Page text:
You can also use Google Reader as a free social media monitoring tool (if you don’t have the budget for a more sophisticated option). I pull RSS feeds from Google Alerts, Twitter Search, free social media search services, and some other top-secret sources into separate folders for various projects I’m working on. Anytime I need to take a pulse on what’s going on in one of those areas, I open the folder in the reader. I do this each morning for some of the projects I’m working on. It’s not pretty and you can’t run reports on it, but it serves its purpose.
As far as brainstorming goes, if I’m stuck on what topic to write about (or I want to make sure somebody hasn’t already written about my topic too much recently), I’ll scan my collections in Google Reader. Not sure which blogs to monitor in your reader? Use Google Blog Search to find them, another Google Tool that belongs on this list.
4. Google Docs
Once you start using all these different Google tools, you’re going to come up with a lot of new ideas. You need to capture all those ideas in a place you can access from anywhere. I used to use Google Docs for this, so I’ll put it on this list. I simply created a Google Docs spreadsheet with the headings “topic ideas”, “notes”, “additional resources” (things like links or interview sources), and the date. You can also create a separate Google Doc for each topic you’re saving notes on. While Google Docs is great for note-taking, it’s not what it’s built for. I’ve since switched my note-taking over to Evernote. In both instances, you can keep your notes in one place and make them searchable – it is easier to find what you’re looking for.
5. Google Images
I always try to include a visual with my blog posts that pull people in. The problem is, I often have a hard time coming up with image ideas. Once I know what type of image I’m looking for, I’ll search Creative Commons content on Flickr for ideas. If I’m strapped for time, I’ve rarely been let down by iStockphoto for simple imagery. I notice a lot of my fellow bloggers use Photobucket – I’m sure either would work. The point here is that Google Images lets you limit Google searches to images, which can help you brainstorm ideas for images using keywords. For example, for this post, I searched Google Images for “creativity” first and got some ideas. While a fish inside a lightbulb would have been eye-catching, I’m a fan of do-it-yourself logo mashups for this type of post.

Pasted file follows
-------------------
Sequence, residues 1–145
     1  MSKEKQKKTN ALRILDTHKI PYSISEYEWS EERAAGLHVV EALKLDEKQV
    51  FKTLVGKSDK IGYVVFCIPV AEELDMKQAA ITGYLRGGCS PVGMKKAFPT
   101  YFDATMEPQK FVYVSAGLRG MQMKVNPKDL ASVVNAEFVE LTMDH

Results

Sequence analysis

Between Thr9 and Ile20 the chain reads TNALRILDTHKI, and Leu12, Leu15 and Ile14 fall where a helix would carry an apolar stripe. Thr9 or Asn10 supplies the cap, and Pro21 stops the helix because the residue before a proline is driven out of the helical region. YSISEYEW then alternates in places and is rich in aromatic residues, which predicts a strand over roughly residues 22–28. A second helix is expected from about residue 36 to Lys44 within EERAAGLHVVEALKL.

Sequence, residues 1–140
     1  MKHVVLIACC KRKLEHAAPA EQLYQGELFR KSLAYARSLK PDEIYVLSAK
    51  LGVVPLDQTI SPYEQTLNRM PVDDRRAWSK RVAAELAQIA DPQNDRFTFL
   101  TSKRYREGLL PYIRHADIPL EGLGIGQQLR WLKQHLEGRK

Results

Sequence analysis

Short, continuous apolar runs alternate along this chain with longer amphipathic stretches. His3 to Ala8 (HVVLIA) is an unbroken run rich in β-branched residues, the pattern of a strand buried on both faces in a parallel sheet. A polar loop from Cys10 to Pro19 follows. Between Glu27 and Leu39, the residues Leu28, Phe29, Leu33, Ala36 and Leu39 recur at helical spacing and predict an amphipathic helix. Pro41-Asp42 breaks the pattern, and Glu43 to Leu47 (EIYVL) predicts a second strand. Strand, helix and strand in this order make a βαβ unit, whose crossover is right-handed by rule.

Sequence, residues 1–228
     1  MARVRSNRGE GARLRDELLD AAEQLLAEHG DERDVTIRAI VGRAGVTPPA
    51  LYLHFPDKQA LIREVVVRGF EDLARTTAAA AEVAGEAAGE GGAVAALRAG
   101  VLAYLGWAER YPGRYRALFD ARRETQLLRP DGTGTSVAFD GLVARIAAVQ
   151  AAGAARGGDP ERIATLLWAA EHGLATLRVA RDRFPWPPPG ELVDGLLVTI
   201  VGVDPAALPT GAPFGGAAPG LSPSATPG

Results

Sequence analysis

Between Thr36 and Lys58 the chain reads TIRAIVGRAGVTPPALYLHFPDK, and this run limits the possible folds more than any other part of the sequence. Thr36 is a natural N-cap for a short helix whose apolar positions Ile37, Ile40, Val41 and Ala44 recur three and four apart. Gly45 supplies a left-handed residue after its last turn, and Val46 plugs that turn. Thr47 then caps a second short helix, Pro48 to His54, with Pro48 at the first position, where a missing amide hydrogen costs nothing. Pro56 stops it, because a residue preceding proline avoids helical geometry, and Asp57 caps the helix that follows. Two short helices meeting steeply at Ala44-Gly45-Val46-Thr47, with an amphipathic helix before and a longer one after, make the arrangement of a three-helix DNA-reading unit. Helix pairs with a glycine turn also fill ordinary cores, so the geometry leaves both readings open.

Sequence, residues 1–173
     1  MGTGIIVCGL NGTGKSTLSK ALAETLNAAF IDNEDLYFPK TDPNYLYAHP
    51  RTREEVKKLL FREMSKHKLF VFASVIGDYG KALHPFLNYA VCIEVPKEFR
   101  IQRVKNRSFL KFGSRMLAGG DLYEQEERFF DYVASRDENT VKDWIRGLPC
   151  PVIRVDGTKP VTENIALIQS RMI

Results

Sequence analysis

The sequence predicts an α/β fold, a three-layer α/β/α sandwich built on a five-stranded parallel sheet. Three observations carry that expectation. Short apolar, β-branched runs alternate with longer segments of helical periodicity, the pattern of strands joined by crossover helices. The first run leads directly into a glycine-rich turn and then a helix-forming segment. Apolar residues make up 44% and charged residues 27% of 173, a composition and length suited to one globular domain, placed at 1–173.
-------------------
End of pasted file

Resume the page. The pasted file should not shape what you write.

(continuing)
6. Google Scholar
Google Scholar limits your searches to scholarly literature. If you’re doing research for a book or white paper, or a more in-depth blog post, Google Scholar could be a good starting point. For example, if you were writing about how to protect copyright on the Internet, this would be a good place to start (if you just laughed at that example, you’re a nerd like me).
7. Google Books
You could go to the library, get a 100lbs stack of books, thumb through them all, and find some interesting facts to include in your next article… or you could search in a couple of seconds on Google Books. There are a lot of complete books (the older the book, the better your chances) on Google Books, but there are a lot of newer books you can search for excerpts of. Google Books isn’t at the top of my list for research and brainstorming tools, but it belongs on the list for certain types of brainstorming.
As a side note, how cool is it that you can search the text of books on the Internet? With all this innovation out there, it’s easy to take things for granted. I can remember having to use the Dewey Decimal System to look for books in high school – we’ve come a long way in a short time.
8. Google Zeitgeist
Google’s Zeitgeist is like a yearbook for Web searches. Each year Google shares the top searches for the year, including the fastest-rising searches (and fastest-falling). You can browse Google’s data visualizations across categories, like people, sports, news, and entertainment, as well as look at data specific to the U.S. or across the globe. So what? This data is an incredible snapshot of what’s popular in culture today. It should give you a couple of ideas for trends to tie into. How many Justin Bieber-related memes did you see last year? I’ll leave the creativity up to you, but keep your eye on the Zeitgeist for all things popular.